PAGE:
BF: What about those HSAs? Why not give them to people at birth? And are they more of a Republican or Democratic idea?

LC: It's more of a conservative idea. Democrats would say, it won’t help because we need to put money in those plans and not everyone is equipped to know how to manage their healthcare. As for whether we can give to everyone at birth, that'd be tough. In Singapore they have a public backstop and that would be considered a socialist plan and that wouldn't fly.

BF: Where are we with pre-existing conditions?

LC: It’s in the law. Nothing has changed with Obamacare. There is a court case that calls into question whether the law or parts of it are unconstitutional. If the court sides with the lower court that parts of it are unconstitutional, then pre-existing conditions would be in trouble.

BF: So prior to Obamacare we didn’t cover pre-existing conditions?

LC: There was coverage for some. If you were covered by a large insurer, you were covered. But if you left your employer and started your own business and you had a health condition, if you bought insurance at that point, the insurer could then say, we are not going insure you or we'll charge you more. The ACA exchanges provides protections for pre-existing conditions and insurance rules to make coverage affordable for older and sicker patients. 

BF: What about the poor? How should we address those below the poverty line? And should we expand or eliminate the 138% threshold?  

LC: This is a challenge. Obamacare’s answer was to give everyone Medicare. If you make less than 138% of federal poverty you get Medicaid. But in 2012, the Supreme Court said you can’t do that so this expansive Medicaid offering became an option. Now 40 states expanded Medicaid. But in Texas, they didn’t expand it. So the question becomes: How do you cover these people? Some say states should be able to make the determination. Democrats don’t like this because they don't want to give states the power to back away from expanding Medicaid. Another way to do this is to create a pool of money to directly subsidize these people. Then let states provide an extra subsidy. 

BF: Should there be a penalty if you don't have health insurance?

LC: President Trump signed tax reform that zeroed out the tax penalty for not having insurance so people no longer have that penalty. The question is: will we see a bunch of people drop coverage? We haven't seen that yet though it's early. But the evidence so far shows there hasn't been a flood of people dropping coverage. But we also see those who didn’t have coverage aren’t adopting coverage.

BF: But should we have a penalty?

LC: I would prefer there not to be a penalty and not an individual mandate, I’d prefer that plans are cost-effective enough to be attractive.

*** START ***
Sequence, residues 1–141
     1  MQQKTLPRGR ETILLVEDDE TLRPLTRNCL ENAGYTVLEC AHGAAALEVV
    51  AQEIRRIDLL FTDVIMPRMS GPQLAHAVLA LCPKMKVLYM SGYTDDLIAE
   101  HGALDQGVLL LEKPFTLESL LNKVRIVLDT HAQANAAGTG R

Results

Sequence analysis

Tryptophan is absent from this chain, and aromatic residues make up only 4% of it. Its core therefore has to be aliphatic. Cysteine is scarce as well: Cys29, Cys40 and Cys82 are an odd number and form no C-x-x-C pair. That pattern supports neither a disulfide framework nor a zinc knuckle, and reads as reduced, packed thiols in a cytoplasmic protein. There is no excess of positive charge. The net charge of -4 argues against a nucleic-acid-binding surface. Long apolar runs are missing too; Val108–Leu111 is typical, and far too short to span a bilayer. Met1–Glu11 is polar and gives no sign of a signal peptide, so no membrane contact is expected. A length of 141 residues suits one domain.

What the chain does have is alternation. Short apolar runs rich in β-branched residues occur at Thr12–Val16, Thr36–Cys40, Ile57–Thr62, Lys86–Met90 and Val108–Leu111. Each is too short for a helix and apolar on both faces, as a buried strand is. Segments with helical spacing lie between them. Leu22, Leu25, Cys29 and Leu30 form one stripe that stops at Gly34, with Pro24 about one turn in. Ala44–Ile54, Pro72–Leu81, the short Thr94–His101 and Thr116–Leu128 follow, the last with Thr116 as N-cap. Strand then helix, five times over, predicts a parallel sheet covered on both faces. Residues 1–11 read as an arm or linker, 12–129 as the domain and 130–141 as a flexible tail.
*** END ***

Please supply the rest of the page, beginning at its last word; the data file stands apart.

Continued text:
BF: There appear to be 10M people eligible for premium credits and/or employer-sponsored insurance. You think that if we enroll them “automatically” we can add more healthy people to the program and lower overall costs. What is this proposal you're working on?

LC: One of the things I’ve explored is auto-enrollment, which does get more poor people covered and lowers costs because the more people in the system, the more you can spread the risk and then lower costs. The way it works is if you qualify for a subsidy at the lower end of the income scale, you can get coverage. The challenge with auto-enrollment is people need time to get out if they don’t want it. Secondly, you have to make sure you're not putting people in a plan they can't afford. It's hard to get them into a plan where the math works. I continue to work on it. 

BF: You wrote about allowing states under ACA to be more innovative. Why do states need the ACA to be more innovative? What can they do to be more innovative?

LC: The short answer is that there is an Obamacare provision - Section 1332 - which says states can come up with their own healthcare plans and can receive federal funding. This is also independent of Obamacare. Hence why I'm referring to innovation in the context of Obamacare. The problem is that it's highly regulated and tough to use. What the Trump Admin has done is loosen the rules to give states more flexibility. A state-based innovation model if the right model.

BF: Thanks, Lanhee! 

(Image source: Hoover Institute)

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Bambi Francisco Roizen

Founder Vator, Managing Partner - Vator Investment Club; Former Columnist/correspondent Dow Jones MarketWatch; Business anchor CBS affiliate KPIX